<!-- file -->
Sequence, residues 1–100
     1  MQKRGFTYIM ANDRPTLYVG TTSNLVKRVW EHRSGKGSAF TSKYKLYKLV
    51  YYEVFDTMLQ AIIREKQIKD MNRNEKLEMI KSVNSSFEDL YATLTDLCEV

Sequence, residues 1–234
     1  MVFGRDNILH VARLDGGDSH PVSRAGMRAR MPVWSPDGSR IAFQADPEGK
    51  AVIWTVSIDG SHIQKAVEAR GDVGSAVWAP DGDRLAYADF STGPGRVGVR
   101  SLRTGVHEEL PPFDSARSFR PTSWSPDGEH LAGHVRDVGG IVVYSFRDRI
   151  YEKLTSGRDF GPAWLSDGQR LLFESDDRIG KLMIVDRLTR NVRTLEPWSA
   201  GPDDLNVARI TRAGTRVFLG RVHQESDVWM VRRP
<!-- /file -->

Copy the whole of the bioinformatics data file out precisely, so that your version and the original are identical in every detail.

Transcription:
Sequence, residues 1–100
     1  MQKRGFTYIM ANDRPTLYVG TTSNLVKRVW EHRSGKGSAF TSKYKLYKLV
    51  YYEVFDTMLQ AIIREKQIKD MNRNEKLEMI KSVNSSFEDL YATLTDLCEV

Sequence, residues 1–234
     1  MVFGRDNILH VARLDGGDSH PVSRAGMRAR MPVWSPDGSR IAFQADPEGK
    51  AVIWTVSIDG SHIQKAVEAR GDVGSAVWAP DGDRLAYADF STGPGRVGVR
   101  SLRTGVHEEL PPFDSARSFR PTSWSPDGEH LAGHVRDVGG IVVYSFRDRI
   151  YEKLTSGRDF GPAWLSDGQR LLFESDDRIG KLMIVDRLTR NVRTLEPWSA
   201  GPDDLNVARI TRAGTRVFLG RVHQESDVWM VRRP